Even this F/A-18C fighter jet can't match the speed record set in 1976 by a U.S. Air Force manned aircraft.
Credit: U.S. Navy | Lt. Peter Scheu
The world's fastest manned plane is the Lockheed SR-71 Blackbird. It set a record of 2,193.2 miles per hour (3,530 kilometers per hour) at Beale Air Force Base in California back in 1976. The U.S. Air Force used this manned aircraft from 1964 to 1998.
The fastest unmanned plane is the NASA X-43, which flew at 7,000 mph (11,265 kph) in 2004 (that's Mach 9.8 if you're keeping track). The X-43 flies on the back of a winged booster rocket, called a "stack," which is launched from a larger B52 bomber. After the booster rocket brings the stack to the target speed and altitude, it is discarded at 40,000 feet (12.2 kilometers). The jet then flies free using its own engine.
Despite reaching tremendous speeds, the X-43 only flies freely for about 10 seconds before crashing into the ocean (making it a very expensive single-use project).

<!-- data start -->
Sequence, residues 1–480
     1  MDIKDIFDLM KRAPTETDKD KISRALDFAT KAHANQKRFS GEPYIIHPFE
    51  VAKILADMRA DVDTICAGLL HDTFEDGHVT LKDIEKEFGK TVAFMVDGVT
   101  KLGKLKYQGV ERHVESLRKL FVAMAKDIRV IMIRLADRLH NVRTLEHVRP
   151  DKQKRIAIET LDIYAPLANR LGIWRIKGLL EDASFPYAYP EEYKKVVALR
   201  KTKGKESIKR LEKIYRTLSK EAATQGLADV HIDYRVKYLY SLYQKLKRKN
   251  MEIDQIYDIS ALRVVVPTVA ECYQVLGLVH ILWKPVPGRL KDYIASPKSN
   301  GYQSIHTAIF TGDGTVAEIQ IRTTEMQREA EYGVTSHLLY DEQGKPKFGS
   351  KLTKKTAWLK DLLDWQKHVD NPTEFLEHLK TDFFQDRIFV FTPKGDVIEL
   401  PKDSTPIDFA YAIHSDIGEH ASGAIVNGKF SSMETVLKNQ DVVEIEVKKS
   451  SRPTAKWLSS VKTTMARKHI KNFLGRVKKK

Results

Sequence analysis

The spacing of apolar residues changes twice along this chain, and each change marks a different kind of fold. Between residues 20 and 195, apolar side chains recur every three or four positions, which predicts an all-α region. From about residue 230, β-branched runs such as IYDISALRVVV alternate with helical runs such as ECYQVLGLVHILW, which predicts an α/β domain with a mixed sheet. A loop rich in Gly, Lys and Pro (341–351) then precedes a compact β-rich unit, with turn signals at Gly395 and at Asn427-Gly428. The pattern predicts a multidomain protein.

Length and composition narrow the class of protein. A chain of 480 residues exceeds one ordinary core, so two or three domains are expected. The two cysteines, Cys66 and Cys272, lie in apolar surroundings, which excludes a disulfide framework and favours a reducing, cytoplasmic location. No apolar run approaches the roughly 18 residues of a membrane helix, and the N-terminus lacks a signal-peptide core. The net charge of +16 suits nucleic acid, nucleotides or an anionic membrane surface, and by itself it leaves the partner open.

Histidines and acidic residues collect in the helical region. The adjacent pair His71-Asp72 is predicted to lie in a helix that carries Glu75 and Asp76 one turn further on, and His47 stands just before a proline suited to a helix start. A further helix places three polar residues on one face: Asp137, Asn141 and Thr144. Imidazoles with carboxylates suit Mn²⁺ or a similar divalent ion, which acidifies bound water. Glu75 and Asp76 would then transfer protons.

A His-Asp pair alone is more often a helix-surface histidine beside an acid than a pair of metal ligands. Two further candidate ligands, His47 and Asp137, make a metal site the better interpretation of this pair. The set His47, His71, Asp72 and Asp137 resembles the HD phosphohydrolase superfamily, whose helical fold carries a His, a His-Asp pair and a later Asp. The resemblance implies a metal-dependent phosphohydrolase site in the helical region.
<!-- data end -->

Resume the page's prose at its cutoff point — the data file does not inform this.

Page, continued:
The world's fastest propeller plane is the Russian-made Tupolev Tu-114, which has a maximum speed of 540 mph (869 kph). The Tupolev has held that record since 1960, even though another prop plane, the XF-84H Thunderscreech, was designed to fly at about 1,000 mph (1,609 kph). Unfortunately, the Thunderscreech didn’t actually work as planned due to its inherent instability.
While the Boeing 747 is supposedly the fastest of the big commercial jets, private jets tend to travel much faster. The Cessna Citation X, a private business jet that can carry up to seven passengers, has a top speed of 700 mph (1,127 kph).
In the future, a descendent of the Concorde may earn the title of fastest commercial plane. A prototype that could fly before 2020 is said to cruise at 1,350 mph (2,173 kph), or twice the speed of sound, whisking a dozen wealthy passengers from London to Sydney in a mere four hours.